Suicide Bombers Kill 28 in Northern Iraq - KIRKUK, Iraq (AP) - A suicide bomber struck outside a bank as elderly men and women waited to cash their pension checks Tuesday, killing 23 people and wounding nearly 100 in this oil-rich northern city that has become a flashpoint for sectarian tension.
16 Terror Suspects Arrested in Spain - MADRID, Spain (AP) - Spanish police arrested 16 Islamic terror suspects in raids in several cities, including 11 suspected members of a group thought to have ties to Abu-Musab al-Zarqawi's al-Qaida in Iraq, officials said Wednesday.
N. Africans Joining Iraq Islamic Fighters - DAKAR, Senegal (AP) - Up to 20 percent of suicide car bombers in Iraq are from Algeria, a sign of growing cooperation between Islamic extremists in northern Africa and like-minded Iraqis, a senior U.S. military official said Tuesday.
Memo Suggests Oil-For-Food Link to Annan - UNITED NATIONS (AP) - U.N. Secretary-General Kofi Annan is back in the spotlight over the scandal-tinged oil-for-food program after two e-mail memos dating from 1998 appeared suggesting he may have known about a multimillion-dollar U.N. contract awarded to the company that employed his son.
Wolfowitz Praises G8 Debt-Relief Deal - ABUJA, Nigeria (AP) - New World Bank chief Paul Wolfowitz on Sunday praised a historic deal to cancel the foreign debt of some of the world's poorest nations and said he was hopeful debt relief was also on the way for Africa's biggest debtor, Nigeria.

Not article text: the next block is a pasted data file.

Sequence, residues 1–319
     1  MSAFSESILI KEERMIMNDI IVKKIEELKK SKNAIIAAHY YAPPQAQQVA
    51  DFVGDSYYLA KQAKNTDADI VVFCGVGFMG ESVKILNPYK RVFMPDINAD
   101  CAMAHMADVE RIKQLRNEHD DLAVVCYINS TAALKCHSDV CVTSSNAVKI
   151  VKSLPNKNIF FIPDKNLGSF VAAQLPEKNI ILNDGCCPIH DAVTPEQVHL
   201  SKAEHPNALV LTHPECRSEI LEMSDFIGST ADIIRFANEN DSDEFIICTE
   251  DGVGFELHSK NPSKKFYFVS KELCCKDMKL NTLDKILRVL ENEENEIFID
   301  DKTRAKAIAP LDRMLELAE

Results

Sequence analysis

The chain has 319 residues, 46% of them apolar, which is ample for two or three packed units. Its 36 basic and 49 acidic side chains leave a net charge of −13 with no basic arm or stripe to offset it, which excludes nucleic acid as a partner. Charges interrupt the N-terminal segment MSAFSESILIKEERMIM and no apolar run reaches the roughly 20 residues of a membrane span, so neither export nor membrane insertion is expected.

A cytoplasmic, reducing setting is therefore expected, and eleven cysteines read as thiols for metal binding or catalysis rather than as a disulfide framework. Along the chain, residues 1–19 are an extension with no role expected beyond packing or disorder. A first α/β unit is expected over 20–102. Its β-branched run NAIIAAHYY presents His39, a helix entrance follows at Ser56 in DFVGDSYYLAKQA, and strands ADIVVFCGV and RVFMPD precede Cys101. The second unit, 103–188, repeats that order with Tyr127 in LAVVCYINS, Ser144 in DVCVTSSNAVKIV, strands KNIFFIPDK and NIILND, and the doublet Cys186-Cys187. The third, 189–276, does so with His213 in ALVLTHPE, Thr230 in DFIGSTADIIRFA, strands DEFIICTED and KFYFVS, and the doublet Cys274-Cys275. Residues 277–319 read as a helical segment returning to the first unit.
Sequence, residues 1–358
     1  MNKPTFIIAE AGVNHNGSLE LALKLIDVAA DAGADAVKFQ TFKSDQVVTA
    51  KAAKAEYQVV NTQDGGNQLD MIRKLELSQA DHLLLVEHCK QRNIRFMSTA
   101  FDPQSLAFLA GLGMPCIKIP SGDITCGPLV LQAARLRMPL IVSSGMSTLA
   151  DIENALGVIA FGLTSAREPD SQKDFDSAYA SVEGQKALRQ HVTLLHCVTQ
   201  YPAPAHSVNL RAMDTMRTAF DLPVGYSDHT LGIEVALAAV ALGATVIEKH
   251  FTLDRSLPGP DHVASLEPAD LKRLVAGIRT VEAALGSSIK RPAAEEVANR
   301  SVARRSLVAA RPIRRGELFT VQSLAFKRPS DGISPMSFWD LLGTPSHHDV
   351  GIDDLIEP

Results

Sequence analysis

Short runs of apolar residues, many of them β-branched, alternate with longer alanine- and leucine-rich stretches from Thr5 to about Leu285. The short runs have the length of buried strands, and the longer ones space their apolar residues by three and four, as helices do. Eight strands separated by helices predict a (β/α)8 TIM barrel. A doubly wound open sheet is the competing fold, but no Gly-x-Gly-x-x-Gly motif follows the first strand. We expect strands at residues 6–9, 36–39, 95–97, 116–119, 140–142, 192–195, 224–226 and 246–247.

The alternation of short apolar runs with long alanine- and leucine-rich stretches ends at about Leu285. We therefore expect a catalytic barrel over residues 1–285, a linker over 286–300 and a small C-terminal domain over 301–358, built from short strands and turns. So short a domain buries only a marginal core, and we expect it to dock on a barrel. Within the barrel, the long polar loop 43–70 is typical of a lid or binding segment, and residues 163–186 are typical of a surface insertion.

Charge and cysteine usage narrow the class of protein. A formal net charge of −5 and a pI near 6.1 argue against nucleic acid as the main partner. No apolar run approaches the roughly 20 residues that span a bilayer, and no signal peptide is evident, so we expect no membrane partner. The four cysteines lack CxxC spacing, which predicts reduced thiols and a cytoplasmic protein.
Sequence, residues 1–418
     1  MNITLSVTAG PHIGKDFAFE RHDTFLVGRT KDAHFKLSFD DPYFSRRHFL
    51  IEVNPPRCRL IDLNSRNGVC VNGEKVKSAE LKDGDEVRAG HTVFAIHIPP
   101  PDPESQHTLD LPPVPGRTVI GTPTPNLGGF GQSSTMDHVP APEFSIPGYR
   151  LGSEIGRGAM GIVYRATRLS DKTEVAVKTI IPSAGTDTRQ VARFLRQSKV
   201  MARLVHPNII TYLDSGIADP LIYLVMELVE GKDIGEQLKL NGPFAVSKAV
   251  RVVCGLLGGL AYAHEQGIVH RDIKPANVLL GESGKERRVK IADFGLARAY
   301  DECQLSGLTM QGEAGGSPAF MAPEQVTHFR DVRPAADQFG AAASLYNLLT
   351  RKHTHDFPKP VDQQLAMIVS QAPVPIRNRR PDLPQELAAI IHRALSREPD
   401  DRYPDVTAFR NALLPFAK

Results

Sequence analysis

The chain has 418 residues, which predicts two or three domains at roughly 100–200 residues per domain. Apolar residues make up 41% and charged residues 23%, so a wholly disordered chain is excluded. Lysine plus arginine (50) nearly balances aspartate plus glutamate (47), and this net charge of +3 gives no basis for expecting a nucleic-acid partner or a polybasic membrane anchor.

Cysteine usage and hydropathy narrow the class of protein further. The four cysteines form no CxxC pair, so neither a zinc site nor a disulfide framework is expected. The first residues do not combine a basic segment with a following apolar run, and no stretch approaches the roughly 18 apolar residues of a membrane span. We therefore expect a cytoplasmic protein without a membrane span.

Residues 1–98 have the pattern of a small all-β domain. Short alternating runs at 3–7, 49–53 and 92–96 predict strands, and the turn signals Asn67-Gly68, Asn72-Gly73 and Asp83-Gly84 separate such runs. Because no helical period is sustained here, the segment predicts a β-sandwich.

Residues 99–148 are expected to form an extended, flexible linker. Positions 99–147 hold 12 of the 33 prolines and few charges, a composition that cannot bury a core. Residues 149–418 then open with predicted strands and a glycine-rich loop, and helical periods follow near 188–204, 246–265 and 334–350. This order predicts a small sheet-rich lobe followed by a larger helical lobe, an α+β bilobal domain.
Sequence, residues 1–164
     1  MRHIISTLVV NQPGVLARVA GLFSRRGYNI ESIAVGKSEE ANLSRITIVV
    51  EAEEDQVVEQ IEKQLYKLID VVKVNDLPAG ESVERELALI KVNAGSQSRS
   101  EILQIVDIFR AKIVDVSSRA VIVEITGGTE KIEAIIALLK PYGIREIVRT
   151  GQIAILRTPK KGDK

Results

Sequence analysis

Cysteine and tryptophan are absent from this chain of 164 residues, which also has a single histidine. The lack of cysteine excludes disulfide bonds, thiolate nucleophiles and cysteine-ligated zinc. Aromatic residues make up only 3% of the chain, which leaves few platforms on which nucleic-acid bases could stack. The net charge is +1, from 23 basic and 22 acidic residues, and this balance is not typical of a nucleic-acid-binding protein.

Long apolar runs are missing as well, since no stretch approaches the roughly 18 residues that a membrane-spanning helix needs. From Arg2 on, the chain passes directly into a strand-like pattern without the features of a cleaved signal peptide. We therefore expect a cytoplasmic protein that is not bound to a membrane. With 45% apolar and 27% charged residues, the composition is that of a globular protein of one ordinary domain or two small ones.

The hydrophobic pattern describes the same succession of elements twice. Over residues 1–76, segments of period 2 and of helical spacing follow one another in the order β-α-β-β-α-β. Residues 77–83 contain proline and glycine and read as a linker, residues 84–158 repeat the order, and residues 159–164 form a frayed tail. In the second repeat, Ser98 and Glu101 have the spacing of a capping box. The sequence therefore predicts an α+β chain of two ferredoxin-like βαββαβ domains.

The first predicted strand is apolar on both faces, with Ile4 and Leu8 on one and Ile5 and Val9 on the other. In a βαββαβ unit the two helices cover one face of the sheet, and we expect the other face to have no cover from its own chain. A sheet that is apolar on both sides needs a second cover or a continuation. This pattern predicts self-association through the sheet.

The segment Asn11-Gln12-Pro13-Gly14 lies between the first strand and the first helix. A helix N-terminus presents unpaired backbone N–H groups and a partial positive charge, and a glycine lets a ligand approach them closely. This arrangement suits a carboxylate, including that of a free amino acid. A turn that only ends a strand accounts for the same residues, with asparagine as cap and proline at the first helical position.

Africans Wonder Whether Live 8 Will Help - NAIROBI, Kenya (AP) - They'll be grooving to Coldplay in London, rapping along with Will Smith in Philly, dancing mbalax with Youssou N'Dour in Paris. But in African cities and villages, they'll be worrying about day to day survival - and questioning whether Western extravaganzas like the Live 8 concerts, however well intentioned, can help.
Donald Tsang Wins Hong Kong Leadership - HONG KONG (AP) - Veteran civil servant Donald Tsang effectively won Hong Kong's leadership race on Wednesday, filing papers that showed he had the solid backing of an election committee that picks the Chinese territory's leaders.
Indonesians Seek Cars With Explosives - JAKARTA, Indonesia (AP) - Indonesian soldiers were searching for five cars believed to be carrying explosives constructed by a Malaysian member of the al-Qaida-linked Jemaah Islamiyah terror group, Koran Tempo newspaper reported Monday.
Pirates in Malaysian Waters Surrender - KUALA LUMPUR, Malaysia (AP) - Suspected Indonesian pirates hijacked a Malaysian-registered tanker Tuesday, held the crew hostage for nearly 12 hours and threatened to blow the vessel up, before surrendering to police and naval forces who laid siege on the ship, officials said.
Argentina Court Revokes Dirty War Amnesty - BUENOS AIRES, Argentina (AP) - Hundreds of people could be charged with torture, disappearances and babynapping during Argentina's "Dirty War" against dissidents after the Supreme Court on Tuesday struck down amnesties passed in the 1980s.
Thanks to Mudville Gazette and Outside the Beltway for open posts.